New COE Assistant Dean loves guiding teachers
By Mike Kilen
GCU News Bureau
Emily Pottinger has a boy, going on 2, with a girl on the way in November. She’ll be able to tell her children one day that during a crazy time of pandemic, while pregnant and working from home, she was promoted to Assistant Dean of Grand Canyon University College of Education.
Being a parent has reminded her of the importance of the job, starting when she was a first grade teacher 15 years ago to today guiding new teachers into the field.
“It might be considered cliché to say you love kids, but really when you get in the (teaching) field and start seeing how much you can bring to your learners at whatever age, you really are an extension of the parent,” she said.
“I have a toddler now myself and I see that from the ground up, and it makes me value what I did as a first grade teacher even more because I know how much I care for my own child. I can imagine all the parents sending their little ones off to school and how grateful I am for my son’s day care teacher to care for and love him.”
Pottinger is a nine-year GCU veteran, and her previous role was faculty chair of COE’s full-time traditional faculty. As she advances higher into leadership, she hasn’t forgotten the reason she got into the field.
“I love the thought that I’m helping support future teachers — who are then going to love their first graders or their high schoolers — by sharing my knowledge with them,” she said.
Pottinger made a mark as faculty chair by building unity among COE’s traditional and online faculty.
“I think it’s relationships I have been able to grow and build and foster,” she said. “It can be easy to get in your bubble. But sometimes you have to step out of the weeds. One of my goals was to help in building those bridges between departments, specifically with our online counterparts.”
Pottinger was a first grade teacher for five years at Alta E. Butler Elementary School in the Isaac School District in Phoenix, while she earned her GCU degree, Master of Arts in Teaching English to Speakers of Other Languages.
She was hired at GCU in 2011 as an online full-time faculty member and quickly became a leader, serving as manager of online full-time faculty before moving to the traditional campus post in 2013.
That drive didn’t go unnoticed.
“She is much admired and respected by all of those who know her,” said Dr. Kimberly LaPrade, Dean of COE. “With her passion for teaching and learning, her management experience and her drive for success, this promotion is well deserved.”
Pottinger wasn’t one to rest on laurels. She started a podcast, “Top of the Class,” with Dr. Meredith Critchfield while studying for a doctorate in Psychology with an Emphasis in Cognition and Instruction, which she said has given her deeper insight into how the brain learns.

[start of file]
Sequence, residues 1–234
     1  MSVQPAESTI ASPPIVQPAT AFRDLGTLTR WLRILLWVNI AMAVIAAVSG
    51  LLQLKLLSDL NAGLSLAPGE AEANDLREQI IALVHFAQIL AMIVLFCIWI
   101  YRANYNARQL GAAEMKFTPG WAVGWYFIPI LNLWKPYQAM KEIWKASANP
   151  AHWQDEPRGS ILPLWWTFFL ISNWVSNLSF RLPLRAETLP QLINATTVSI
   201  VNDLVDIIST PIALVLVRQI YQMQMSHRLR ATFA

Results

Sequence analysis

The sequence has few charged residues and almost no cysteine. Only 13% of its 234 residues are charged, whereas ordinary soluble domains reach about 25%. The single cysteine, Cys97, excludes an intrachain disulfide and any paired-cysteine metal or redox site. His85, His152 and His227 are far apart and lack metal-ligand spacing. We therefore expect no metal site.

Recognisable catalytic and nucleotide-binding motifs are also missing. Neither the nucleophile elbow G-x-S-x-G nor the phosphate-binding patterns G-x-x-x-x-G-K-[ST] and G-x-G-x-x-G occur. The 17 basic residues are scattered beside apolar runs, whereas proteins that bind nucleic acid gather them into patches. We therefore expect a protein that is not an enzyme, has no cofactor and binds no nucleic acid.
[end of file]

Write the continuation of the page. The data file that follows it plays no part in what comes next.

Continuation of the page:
“I have a very driven circle of support,” she said. “When you are surrounded by like-minded driven colleagues and friends, that is like fuel to the fire.”
Once she makes up her mind, there’s no stopping. It was that way when Pottinger found that she had a natural way with children as a young woman and wanted to be a teacher and once she began studying for her undergraduate degree at Arizona State and considered it a calling.
In her new role as Assistant Dean, Pottinger will focus on supporting the Clinical Practices team, such as in-the-field experiences of students in practicums, internships and student teaching, as well as accreditation processes and state requirements for teachers across the country.
“We need to find ways to uplift education, especially now. Things are different than what anybody expected in the field of education, so anything we can do to support that is important,” Pottinger said.
Today, she still gets notes of appreciation from seniors in high school who had her as a first grade teacher. It reminds her of an educator’s influence, even while she prepares for a child of her own later this fall while taking on a new leadership role and defending her dissertation.
“I’m trying to crank that out before the baby arrives. Teachers are gluttons for punishment,” she joked. “But we love to continually learn.
“The overall message is I’m here today in this position because of so many people in my life. I couldn’t have done it without all those friends, family and colleagues. Even though I’m driven, that support has been instrumental in my growth, which has given me the opportunity to be a leader.”
Grand Canyon University senior writer Mike Kilen can be reached at [email protected] or at 602-639-6764.